The 4 Stages Of Female Friendship

by Nylon

I stopped shopping at fast fashion retailers several years ago. Terrible environmental and labor practices aside, the thrill of being able to buy a LOT of stuff for NOT A LOT of money didn’t excite me the way it did in my early twenties. Here I was, standing before a closet full of crap. Sure, I had a handful of well-loved pieces that I saved up for and would keep forever, but most of the clothes I owned were disposable. I spent an afternoon trying on everything; if it didn’t make me feel amazing, it got donated. I was left with a much smaller wardrobe filled with things that I would actually wear—and continue to wear—every day. I no longer woke up every morning in front of an overflowing closet of old trends, lamenting that I had nothing to wear.

Coincidentally, I was going through a similar purge with my girlfriends. At the time, I was going out a lot, seeing the same types of people, exchanging the absolute smallest of talk. I had 14 variations of “Jessica” in my phone, most of whom I’ve only halfheartedly texted about getting coffee soon. I may have “known everybody” at whatever party or bar I was frequenting, but only by a first name in a dim light. One night, I got fed up spending all my free time with people I only kind of liked. I realized I hadn’t seen some of my oldest and dearest actual friends in ages because I became passive.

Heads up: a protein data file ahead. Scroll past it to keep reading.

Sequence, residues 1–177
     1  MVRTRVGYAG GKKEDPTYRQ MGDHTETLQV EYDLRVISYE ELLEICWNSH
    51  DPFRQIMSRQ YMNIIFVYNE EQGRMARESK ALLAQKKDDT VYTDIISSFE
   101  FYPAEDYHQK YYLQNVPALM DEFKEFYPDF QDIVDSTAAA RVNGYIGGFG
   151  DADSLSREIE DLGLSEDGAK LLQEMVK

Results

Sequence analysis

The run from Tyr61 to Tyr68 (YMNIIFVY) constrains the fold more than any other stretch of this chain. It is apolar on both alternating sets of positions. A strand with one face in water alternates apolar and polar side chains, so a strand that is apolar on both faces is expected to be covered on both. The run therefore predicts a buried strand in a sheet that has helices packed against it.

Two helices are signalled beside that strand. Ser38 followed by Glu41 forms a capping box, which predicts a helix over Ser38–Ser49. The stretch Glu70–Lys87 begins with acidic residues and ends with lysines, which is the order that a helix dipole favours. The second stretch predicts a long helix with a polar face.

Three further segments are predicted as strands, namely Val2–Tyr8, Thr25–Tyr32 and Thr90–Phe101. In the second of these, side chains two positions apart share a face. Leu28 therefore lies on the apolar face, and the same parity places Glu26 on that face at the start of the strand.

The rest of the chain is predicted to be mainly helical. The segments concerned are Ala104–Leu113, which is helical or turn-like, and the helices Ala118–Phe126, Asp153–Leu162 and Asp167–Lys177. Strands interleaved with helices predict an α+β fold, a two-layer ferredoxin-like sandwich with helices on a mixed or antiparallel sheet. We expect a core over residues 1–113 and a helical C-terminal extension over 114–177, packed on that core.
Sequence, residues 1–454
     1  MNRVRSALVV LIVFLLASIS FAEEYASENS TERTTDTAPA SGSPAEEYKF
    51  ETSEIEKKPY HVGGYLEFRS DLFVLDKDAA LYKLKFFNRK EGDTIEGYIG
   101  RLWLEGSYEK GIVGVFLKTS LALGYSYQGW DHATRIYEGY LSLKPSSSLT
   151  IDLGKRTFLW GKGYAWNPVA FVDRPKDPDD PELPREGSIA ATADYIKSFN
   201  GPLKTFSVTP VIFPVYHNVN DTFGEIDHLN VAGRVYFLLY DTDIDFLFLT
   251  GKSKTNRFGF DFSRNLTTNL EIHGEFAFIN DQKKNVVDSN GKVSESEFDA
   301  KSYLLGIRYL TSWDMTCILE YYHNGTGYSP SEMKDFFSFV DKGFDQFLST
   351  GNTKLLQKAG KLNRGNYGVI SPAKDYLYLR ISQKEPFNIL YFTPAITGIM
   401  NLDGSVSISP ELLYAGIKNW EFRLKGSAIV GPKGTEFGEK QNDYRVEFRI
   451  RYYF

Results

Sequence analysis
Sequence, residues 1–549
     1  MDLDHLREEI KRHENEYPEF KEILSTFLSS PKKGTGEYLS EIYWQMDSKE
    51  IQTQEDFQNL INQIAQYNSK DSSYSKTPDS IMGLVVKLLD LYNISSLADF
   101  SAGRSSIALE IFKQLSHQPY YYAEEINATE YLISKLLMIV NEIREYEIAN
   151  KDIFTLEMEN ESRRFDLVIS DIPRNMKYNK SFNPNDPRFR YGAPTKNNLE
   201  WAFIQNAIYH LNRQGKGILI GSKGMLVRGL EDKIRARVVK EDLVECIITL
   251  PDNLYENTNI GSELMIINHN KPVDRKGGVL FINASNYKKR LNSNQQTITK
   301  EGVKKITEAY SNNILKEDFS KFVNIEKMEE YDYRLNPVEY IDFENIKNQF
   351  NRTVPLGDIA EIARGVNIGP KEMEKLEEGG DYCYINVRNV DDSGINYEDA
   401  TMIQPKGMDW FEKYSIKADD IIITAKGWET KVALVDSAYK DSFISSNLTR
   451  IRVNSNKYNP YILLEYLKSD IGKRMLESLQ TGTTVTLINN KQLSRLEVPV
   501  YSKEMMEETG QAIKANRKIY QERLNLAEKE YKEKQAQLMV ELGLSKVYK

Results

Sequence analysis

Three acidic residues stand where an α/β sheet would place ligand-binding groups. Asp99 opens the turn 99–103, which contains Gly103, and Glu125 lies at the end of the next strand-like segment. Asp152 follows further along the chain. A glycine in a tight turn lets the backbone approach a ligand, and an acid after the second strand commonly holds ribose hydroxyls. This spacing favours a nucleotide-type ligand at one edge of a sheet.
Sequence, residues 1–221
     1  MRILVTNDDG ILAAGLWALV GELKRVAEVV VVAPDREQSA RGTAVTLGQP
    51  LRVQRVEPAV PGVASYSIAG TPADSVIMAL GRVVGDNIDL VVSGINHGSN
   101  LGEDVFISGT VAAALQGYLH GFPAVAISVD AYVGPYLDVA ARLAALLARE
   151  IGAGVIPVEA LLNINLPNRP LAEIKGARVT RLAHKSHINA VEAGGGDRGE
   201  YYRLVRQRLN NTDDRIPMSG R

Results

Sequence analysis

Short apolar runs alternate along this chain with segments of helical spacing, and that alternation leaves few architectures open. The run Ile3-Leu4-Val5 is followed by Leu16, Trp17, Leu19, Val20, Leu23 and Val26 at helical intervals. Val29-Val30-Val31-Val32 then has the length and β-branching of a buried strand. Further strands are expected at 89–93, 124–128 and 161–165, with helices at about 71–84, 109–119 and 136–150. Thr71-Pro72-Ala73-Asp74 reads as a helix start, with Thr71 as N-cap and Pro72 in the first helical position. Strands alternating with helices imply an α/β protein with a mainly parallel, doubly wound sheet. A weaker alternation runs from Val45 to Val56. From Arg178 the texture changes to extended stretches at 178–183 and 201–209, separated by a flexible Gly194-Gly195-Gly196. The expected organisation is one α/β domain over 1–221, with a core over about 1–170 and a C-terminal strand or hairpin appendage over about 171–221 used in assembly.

I had what Oprah would call an “aha moment,” and immediately traded in those unfulfilling nights surrounded by hundreds of acquaintances for meaningful IRL hangs with my real ones. I made actual plans with friends; we would go for walks and catch up or just catch up on the phone (like, actually talking and not just texting.) I was so fulfilled by this relationship renaissance that I no longer felt the need to go out all the time. My girlfriends were as paired down as my closet, and I freakin’ loved it.

I’ve been lucky to have a lot of great friends throughout my life. Some, like my yellow floral babydoll dress, stayed in my life lovingly for a few years, and others, like my vintage Westwood jumpsuit, have grown with me and only gotten better with time. As a discerning adult, I am as picky about what comes into my closet as who comes into my life.

For more on Gold’s experience and why her late twenties and early thirties have been the most rewarding, read the full article here.